Growing up in Sampson County, Danielle Melvin Koonce was somewhat informed about the many environmental issues that plagued the area, even though she wasn’t very dialed in to the specifics.
“I was aware of this stench from the hog farm that was behind my grandmother's house and I was in high school when the landfill was established but I was really only thinking about Friday night football and going to college,” says Koonce. “It wasn't until I took an environmental sociology class in college and so much of the literature was focused on Sampson and Duplin counties that I realized that everything I’ve been reading in textbooks and articles about environmental racism was happening right in my own county.”
Hog farming is everywhere in rural Sampson County but Koonce came to understand the difference between the few hogs her grandfather or neighbors raised and the impact of the large-scale industrial operations that began to swamp the area in the early 1990s. “My grandfather’s farm wasn’t like the CAFOs behind the house where probably hundreds or thousands of pigs are packed into a facility,” she says.
Koonce got bitten by the community and grassroots organizing bug when she worked with Organizing for America (OFA) on the 2012 Obama reelection campaign. That experience prompted her return to East Carolina University (ECU) to get her master's in sociology in 2015. The next year, she enrolled in the University of Maryland’s PhD program in sociology with a focus on race and the environment. “I wanted to do my dissertation on issues impacting my county and people like me,” says Koonce. “My professors at the University of Maryland were very supportive of me centering my work back home.”
When the pandemic hit, Koonce and her husband moved back to Sampson county with their two young sons. She met Sherri White-Williamson who was just starting to put together the Environmental Justice Community Action Network (EJ CAN) to focus on the region’s long standing environmental injustices. That’s also when she realized that many people in the community were still unaware of the massive hog farms, the groundwater pollution and the toxic runoff in the streams and rivers.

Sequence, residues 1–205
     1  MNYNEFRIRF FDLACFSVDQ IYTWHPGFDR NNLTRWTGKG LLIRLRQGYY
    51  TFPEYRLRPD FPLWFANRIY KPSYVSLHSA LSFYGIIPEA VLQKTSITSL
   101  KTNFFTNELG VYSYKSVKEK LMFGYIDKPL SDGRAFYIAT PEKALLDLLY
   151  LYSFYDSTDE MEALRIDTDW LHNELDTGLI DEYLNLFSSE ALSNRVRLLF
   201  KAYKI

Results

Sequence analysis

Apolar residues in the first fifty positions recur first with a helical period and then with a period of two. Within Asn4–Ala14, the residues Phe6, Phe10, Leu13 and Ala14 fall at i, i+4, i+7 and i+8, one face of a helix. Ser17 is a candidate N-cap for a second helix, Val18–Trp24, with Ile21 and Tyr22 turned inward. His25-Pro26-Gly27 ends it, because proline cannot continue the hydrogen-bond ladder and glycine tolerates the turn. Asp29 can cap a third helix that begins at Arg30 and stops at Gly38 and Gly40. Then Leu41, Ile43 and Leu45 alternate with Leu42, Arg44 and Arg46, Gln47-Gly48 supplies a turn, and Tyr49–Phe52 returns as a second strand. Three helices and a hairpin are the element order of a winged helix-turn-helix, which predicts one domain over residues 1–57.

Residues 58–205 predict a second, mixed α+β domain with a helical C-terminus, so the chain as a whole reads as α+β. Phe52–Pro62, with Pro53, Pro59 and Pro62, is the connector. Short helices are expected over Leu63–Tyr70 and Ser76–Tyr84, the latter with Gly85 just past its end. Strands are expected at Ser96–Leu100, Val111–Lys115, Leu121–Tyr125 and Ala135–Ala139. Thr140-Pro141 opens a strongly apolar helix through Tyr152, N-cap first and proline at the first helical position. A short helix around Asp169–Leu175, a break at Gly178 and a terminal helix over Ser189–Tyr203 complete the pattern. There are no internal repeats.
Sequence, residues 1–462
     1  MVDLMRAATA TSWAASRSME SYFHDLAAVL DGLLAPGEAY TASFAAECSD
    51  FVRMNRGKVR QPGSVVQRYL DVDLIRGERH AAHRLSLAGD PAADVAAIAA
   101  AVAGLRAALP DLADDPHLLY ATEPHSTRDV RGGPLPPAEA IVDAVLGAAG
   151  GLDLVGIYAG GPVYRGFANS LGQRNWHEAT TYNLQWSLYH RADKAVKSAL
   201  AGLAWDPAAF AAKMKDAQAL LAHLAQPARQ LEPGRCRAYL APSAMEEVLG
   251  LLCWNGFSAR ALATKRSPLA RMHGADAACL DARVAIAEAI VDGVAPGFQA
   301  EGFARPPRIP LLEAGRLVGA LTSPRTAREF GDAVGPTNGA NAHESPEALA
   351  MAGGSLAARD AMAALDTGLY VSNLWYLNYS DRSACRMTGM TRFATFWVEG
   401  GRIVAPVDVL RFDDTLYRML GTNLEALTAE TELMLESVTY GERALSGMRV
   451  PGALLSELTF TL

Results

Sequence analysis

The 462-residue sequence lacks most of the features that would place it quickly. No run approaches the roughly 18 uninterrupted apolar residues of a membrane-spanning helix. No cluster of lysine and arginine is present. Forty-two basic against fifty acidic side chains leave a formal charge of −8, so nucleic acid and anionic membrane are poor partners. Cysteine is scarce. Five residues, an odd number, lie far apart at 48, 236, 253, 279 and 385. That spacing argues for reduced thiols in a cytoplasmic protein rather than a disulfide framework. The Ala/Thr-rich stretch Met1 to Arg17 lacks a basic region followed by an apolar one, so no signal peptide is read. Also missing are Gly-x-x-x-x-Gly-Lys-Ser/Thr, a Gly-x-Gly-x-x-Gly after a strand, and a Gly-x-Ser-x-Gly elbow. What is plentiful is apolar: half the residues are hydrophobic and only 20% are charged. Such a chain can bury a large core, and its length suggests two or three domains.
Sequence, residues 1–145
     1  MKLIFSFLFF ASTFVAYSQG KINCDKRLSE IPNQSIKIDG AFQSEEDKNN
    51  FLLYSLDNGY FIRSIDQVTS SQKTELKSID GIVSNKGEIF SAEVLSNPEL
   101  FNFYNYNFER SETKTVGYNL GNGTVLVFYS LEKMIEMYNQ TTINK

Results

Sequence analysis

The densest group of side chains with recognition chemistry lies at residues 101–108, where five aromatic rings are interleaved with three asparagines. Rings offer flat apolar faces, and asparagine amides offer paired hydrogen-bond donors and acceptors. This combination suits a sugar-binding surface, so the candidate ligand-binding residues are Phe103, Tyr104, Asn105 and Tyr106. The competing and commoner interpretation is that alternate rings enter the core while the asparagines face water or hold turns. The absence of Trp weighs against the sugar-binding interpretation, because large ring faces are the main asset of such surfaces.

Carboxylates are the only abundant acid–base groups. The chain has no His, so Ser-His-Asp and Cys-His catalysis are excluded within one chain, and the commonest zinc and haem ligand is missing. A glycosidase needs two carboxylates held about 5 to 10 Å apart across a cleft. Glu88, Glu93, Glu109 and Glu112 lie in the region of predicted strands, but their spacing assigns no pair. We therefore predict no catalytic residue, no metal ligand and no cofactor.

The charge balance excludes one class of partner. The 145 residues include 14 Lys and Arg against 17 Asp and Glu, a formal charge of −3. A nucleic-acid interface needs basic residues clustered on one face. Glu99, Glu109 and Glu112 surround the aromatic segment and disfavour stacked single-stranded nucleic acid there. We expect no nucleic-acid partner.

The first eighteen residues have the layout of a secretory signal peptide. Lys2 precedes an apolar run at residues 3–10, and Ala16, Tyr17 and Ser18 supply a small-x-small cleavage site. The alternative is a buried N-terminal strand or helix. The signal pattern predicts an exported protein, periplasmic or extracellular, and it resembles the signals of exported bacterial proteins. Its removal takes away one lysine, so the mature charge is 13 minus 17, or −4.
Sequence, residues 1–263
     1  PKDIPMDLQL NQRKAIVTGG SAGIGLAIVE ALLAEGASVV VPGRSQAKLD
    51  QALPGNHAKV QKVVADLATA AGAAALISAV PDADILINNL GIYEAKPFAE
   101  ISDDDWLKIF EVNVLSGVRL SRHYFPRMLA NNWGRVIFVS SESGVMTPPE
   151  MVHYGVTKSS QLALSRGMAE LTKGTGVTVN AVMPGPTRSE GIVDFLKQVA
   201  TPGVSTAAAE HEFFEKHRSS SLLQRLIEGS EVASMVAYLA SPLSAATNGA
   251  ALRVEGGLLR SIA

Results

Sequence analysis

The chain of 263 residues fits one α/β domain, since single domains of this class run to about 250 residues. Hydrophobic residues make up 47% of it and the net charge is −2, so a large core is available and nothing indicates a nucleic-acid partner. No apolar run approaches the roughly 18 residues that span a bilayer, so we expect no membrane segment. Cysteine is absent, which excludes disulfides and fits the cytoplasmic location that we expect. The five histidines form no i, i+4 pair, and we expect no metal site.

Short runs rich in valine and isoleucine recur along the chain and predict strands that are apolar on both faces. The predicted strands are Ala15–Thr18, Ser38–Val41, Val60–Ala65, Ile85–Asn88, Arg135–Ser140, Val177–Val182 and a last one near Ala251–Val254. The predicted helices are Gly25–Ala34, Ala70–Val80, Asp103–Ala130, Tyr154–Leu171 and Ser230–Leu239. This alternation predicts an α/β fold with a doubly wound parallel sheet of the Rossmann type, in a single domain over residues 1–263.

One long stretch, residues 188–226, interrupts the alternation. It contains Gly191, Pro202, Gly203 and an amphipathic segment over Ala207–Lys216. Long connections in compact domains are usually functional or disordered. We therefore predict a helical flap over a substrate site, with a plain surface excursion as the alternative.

“We have the landfill, the wood pellet factories, biogas facility, hog farms and poultry farms. Part of the county is in a very high floodplain, so we constantly battle hurricane season,” says Koonce. “And, yet this is the first time we've ever had an organization devoted to environmental racism and environmental justice in the county.”
Koonce first got involved with the 1,300 acre landfill that takes in trash and construction debris from hundreds of miles away and completely changed the once vibrant, business-oriented Snow Hill community into the state’s dumping ground.
“The odor is cutting, individuals can’t go outside and they talk about not trusting the drinking water even though they're on county water. Just imagine how much money they are paying to live in that community,” she says. “What the landfill did to that community was sad and depressing. That motivated me.”
When the landfill was initially proposed two decades ago, a group of community activists fought hard to stop it but the local government approved it over their objections.
“Some people say it's too late now and, to some degree, they're right but you still have to fight for the future because this could happen again to some other unsuspecting community,” says Koonce. “The exposure is a win. The more people know, the better decisions they can make as individuals and as communities.”